Factories May Move to VN In Wake of New Trade Pact

A new US-Vietnam trade agreement may hurt Cam­bodia in the years to come as more companies move to Viet­nam, a leading garment manufacturer said.

The bill to normalize trade relations between the US and Viet­nam passed the US Senate on Oct 3. It does not include details on textile exports, so Cambodia has a brief respite from its effects, said Van Sou Ieng, chairman of the Garment Manufacturers As­sociation of Cambodia.

“But soon it will come,” he said, adding that if Vietnam is allowed to export textiles to the US free of a quota system, “the effect will be huge on Cambodia.”

Cambodian factories currently receive a certain percentage of the US garment market under a quota system negotiated every year. The US looks at such factors as labor rights and working conditions before deciding on the quota.

If a similar quota is not im­posed on manufacturers in Viet­nam and its companies are given more access to the US export market, Cambodia will lose its greatest advantage as a factory base, Van Sou Ieng said.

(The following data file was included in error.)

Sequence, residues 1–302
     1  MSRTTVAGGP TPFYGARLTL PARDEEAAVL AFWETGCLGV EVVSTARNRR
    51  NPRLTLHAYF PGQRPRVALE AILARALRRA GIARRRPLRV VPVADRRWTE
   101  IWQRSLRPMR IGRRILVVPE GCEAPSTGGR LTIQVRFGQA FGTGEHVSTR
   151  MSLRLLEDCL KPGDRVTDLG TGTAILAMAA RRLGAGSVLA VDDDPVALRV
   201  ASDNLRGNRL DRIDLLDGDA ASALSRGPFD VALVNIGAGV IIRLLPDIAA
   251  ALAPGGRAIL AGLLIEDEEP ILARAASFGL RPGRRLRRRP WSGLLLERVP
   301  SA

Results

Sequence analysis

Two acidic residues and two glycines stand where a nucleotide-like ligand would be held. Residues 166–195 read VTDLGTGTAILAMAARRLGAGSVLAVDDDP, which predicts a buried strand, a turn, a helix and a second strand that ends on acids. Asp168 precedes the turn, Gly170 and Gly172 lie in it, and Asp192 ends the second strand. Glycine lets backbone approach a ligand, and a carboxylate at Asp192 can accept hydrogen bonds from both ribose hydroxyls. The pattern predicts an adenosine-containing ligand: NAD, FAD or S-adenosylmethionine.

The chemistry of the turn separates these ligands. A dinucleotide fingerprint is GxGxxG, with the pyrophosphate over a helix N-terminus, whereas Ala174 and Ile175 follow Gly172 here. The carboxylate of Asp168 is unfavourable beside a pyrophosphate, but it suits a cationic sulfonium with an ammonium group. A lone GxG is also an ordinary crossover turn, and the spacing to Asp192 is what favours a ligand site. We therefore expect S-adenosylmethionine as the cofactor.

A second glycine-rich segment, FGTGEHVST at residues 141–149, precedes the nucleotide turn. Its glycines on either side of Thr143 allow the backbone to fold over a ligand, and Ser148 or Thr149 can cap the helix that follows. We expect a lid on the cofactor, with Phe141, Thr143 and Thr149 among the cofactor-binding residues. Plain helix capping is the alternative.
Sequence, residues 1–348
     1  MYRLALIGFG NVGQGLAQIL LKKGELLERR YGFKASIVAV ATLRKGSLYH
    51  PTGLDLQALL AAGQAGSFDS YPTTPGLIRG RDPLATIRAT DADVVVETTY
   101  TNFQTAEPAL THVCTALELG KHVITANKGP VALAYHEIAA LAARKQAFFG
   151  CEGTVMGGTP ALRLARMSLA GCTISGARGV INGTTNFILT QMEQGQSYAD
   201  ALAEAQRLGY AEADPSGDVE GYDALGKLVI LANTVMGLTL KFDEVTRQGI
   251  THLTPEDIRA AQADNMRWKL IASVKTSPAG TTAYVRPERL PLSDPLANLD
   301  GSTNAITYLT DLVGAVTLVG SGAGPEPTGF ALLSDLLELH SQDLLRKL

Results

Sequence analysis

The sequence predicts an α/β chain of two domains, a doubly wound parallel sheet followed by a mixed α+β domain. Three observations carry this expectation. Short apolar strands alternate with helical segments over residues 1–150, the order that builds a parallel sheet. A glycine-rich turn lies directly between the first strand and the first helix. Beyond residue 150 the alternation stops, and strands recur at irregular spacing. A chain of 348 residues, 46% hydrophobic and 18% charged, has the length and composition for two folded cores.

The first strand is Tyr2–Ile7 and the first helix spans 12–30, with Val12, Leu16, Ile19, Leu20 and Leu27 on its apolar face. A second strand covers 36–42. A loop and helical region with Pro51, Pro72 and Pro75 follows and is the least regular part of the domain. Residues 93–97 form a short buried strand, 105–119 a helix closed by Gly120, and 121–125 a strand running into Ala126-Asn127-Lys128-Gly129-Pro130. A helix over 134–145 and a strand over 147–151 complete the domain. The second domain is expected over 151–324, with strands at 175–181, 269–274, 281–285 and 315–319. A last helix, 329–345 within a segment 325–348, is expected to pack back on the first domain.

Vietnam’s advantages include a more efficient infrastructure and a more experienced labor force. Some manufacturers have al­ready scaled down production here in anticipation of the trade agreement, Van Sou Ieng said.

“It’s going to be tough,” he said.

Cambodia’s garment manufacturers already have been hit by a downturn in the global economy, punctuated by the Sept 11 terrorist attacks in the US.

Businessmen say they are concerned both by the US-Vietnam trade agreement and China’s entry into the World Trade Org­anization.

Sok Siphana, secretary of state for the Ministry of Commerce, said the agreement with Vietnam likely will include a quota based on labor conditions, which would reduce any advantage Vietnam would have over Cambodia.

Improving Cambodia’s infrastructure and export mechanisms, along with finding niche markets for Cambodian goods, will help keep Cambodia competitive, he said.

 

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